• Ensure psychological safety to create an environment with higher performing teams and increased innovation.[iv]

Balancing Ego

It is hard for many leaders to set aside ego and live into the notion that they are not superior, more than, or better than other members on their team; everyone has their strengths which together make up a stronger whole. While no one is saying a leader should have zero ego, a healthy balance of humility, self-awareness, and appreciation of others is imperative to build a culture of freedom, choice, autonomy, and psychological safety.

Consider trying some of the strategies above, learn, tweak, and try again. Change sometimes starts small, and one thing leads to another; positive culture is a competitive advantage, not a passing fad.

“When asked about its importance, 83% of executives and 84% of employees rank having engaged and motivated employees as the top factor that substantially contributes to a company’s success” — Deloitte’s Cor Values and Beliefs Survey

Yet, 85% of adults worldwide are not engaged or are actively disengaged at work — Gallup’s State of the Global Workplace 2017 Report

For more on the M6 Model and my approach to coaching, take a look at my website and other blog posts about Life Coaching and Organization Development.

I would love to hear your thoughts, so feel free to contact me about coaching, and we can talk more about positive relationships and a culture of thriving! Share this post with friends you think my find this of interest!

______________________________

[i] David Epstein, Range: Why Generalists Triumph in a Specialized World (New York: Riverhead Books, New York, 2019, P 34) Cognitive entrenchment refers to becoming so competent at a specific skill within a specific process, that any deviation throws the expert off.

[ii] John Ratey, Spark: The Revolutionary New Science of Exercise and the Brain (New York: Little, Brown and Company, 2008)

[iii] Aaron Dignan, Brave New Work (New York: Portfolio/Penguin, 2019, P 64)

[iv] Amy Edmondson, The Fearless Organization: Creating Psychological Safety in the Workplace for Learning, Innovation, and Growth (Hoboken: John Wiley & Sons, 2019, P 40)

The Power of Purpose at Work – Meaning

The Power of Purpose at Work – Meaning

We discussed the Power of Movement in my last article, and now I continue to the next “M” in the M6 Workplace Wellbeing ModelMeaning. I am using meaning and purpose interchangeably here. Their relationship is symbiotic in that we derive meaning from purpose; or said another way, meaning lies within purpose.  On this basis, they are inextricably linked and may be mutually considered in my model.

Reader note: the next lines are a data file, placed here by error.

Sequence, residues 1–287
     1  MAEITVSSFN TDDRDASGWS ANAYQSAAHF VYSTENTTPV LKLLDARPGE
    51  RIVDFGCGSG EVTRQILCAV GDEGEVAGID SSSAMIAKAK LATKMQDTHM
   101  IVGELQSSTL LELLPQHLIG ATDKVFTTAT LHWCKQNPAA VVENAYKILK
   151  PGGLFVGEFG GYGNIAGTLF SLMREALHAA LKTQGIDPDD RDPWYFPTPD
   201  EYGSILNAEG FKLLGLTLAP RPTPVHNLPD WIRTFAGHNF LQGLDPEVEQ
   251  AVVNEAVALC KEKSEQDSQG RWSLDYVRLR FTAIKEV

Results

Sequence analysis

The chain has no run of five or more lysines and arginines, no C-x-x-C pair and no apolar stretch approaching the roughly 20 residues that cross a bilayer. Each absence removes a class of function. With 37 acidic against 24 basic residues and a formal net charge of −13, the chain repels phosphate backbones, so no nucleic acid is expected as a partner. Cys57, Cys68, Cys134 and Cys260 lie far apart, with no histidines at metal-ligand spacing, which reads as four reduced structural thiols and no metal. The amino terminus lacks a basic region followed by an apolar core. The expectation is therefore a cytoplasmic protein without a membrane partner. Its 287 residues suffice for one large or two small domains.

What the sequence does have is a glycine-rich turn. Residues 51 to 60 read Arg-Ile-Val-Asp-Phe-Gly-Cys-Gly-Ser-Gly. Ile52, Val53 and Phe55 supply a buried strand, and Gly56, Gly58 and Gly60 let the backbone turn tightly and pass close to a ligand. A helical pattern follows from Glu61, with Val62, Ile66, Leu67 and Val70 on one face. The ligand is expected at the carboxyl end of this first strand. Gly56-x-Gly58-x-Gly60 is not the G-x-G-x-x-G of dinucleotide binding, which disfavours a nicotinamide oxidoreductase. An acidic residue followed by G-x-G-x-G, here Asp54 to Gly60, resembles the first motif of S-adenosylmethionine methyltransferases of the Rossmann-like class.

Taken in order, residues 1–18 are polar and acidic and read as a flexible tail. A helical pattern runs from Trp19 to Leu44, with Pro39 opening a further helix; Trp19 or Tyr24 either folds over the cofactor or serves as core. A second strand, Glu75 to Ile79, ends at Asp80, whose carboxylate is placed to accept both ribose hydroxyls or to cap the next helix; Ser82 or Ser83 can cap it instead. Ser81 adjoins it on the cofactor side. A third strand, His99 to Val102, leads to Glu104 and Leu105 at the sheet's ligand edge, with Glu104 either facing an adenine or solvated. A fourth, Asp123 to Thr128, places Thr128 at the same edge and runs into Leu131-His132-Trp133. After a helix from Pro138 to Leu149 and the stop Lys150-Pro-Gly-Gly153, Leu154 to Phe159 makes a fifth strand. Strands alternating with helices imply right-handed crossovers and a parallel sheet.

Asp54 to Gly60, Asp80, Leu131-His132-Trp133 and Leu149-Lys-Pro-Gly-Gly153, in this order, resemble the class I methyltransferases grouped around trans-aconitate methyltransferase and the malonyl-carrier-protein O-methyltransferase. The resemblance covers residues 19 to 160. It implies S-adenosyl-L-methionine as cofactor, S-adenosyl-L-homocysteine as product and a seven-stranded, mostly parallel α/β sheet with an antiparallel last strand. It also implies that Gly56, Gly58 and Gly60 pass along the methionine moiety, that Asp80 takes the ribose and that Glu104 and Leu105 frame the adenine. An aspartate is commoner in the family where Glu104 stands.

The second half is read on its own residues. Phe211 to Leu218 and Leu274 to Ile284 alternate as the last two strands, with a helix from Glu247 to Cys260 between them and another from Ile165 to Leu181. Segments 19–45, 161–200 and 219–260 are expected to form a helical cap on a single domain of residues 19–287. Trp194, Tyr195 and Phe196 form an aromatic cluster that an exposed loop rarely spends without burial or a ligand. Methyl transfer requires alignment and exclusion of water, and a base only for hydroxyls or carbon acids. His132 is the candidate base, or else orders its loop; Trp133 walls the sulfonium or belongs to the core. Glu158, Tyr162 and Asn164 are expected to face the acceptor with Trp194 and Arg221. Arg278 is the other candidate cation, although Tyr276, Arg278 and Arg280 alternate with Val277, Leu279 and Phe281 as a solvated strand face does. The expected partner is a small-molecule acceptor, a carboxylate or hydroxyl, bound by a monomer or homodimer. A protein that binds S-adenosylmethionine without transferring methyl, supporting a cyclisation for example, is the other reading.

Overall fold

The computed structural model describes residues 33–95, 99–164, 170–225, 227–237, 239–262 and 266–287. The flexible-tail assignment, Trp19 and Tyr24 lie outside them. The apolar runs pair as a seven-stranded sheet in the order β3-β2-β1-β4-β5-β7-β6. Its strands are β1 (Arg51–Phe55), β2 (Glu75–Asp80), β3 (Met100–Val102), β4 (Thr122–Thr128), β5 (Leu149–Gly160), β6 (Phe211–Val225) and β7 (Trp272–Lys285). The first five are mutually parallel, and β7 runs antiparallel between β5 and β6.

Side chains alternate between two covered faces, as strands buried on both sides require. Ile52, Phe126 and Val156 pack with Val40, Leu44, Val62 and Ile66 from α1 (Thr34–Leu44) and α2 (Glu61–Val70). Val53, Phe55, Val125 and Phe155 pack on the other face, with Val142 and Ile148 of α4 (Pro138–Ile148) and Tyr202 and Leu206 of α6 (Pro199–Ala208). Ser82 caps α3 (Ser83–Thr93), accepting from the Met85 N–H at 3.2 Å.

The University of Michigan conducted a study to determine the potential relationship between purpose and risks of early death. Their findings were astounding. “. . . having a life purpose appears to be more important for decreasing the risk of death than whether you drink, smoke, or run on the treadmill four times a week.”[i]

People are looking for meaning not only in their personal lives, but in their work lives. This represents an opportunity for the workplace to clearly articulate their purpose and to build a culture where every employee understands their connection to the larger meaning.

Something Bigger Than Ourselves

Meaning is beyond the work itself; it is about the impact the work can have. This past March, Cristina Ibarra made a radical change in her restaurant in Juarez, Mexico.

“There started to be such a strong Cuban presence [in Juárez], I decided to stop selling tacos so that I could start feeding the Cubans,” she said. Cristina saw both an opportunity and a calling as the city experienced an influx of Cuban immigrants patiently waiting for clearance from the US government. She has since built a place that is a . . . “haven for the Cuban community as they deal with the uncertainty of living in a foreign land and an increasingly complex immigration landscape.”[ii]

The bright colors and Cuban flags draw customers from the local hotels and provide some sense of home and community where people can talk, laugh, and be nourished; and she says, “. . . that gives me tremendous satisfaction right now.” Her Cuban staff contributes to the authentic menu and offers more than food; they are providing a caring hospitality and at the same time finding meaning in their work.

“A Purpose Economy organization creates purpose for its employees and customers – through serving real needs, enabling personal growth, and building community. . .  It makes the creation of purpose their imperative, even if they struggle at times to realize their values and vision.” — Aaron Hurst, The Purpose Economy